When we get to December it becomes even more difficult. I helped get a new Christmas tree for Drysdale, and since we are at a church-related college Christmas is alright…right? In my puritanical moments I think Christians “should” focus on Advent all the way until Christmas Eve, and work harder to avoid the great altar of consumerism. Hanukkah starts December 16th so let’s get a Menorah. Some are celebrating Kwanza this year on campus so shall we get a Kinara? Winter Solstice is coming too. Read more ›

Posted in Stephanie

A Time of Reflection and Hope

This week begins the season of Advent, a time of reflection and spiritual preparation leading up to the celebration ferguson-free-hugofChristmas. Two images inform my understanding of Advent this year. The first is that of the traditional Advent wreath, a circle of greenery with four candles for each week of the season. The other image is a photograph that has gone viral of a police officer in Portland, Oregon hugging a 12-year-old African-American boy. According to a CNN website:

“The boy, Devonte Hart, was holding a sign offering ‘Free Hugs’ during a Tuesday protest over a grand jury’s decision not to indict Ferguson police Officer Darren Wilson. Portland police Sgt. Bret Barnum approached Devonte and extended his hand. Barnum said he approached Devonte ‘not as a police officer but just a human being’ when he saw him crying.” A hug and conversation followed soon thereafter and the photo is now referred to as the hug shared round the world.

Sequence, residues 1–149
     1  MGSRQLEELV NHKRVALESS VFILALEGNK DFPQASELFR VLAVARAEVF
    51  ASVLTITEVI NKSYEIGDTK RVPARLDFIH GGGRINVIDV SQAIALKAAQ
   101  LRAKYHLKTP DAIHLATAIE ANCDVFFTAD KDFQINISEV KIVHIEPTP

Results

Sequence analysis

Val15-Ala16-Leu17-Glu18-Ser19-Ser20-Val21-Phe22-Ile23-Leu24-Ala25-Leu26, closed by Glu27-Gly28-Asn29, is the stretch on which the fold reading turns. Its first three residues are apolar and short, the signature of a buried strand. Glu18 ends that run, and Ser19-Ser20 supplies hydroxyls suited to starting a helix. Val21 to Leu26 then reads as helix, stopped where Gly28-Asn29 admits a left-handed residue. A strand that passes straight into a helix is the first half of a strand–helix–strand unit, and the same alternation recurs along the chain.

Read more ›

Posted in Anne

Thankful Thanksgiving

The Spiritual Life staff prides itself on meaningful low-budget programs, and two years ago Anne Gibbons was inspired to start Thankful Thursdays. We have a banner and some note cards that get set up by different people and organizations on Thursdays, and we offer the community an opportunity to simply say thank you to someone who has helped them or who deserves a pat on the back. We offer both on-campus mailing of thank-yous as well as posting of off-campus notes. Thankful Thursday has been so successful that last year it challenged the Spiritual Life postage budget! The community has even written notes to student center donors and the crews that have done the construction.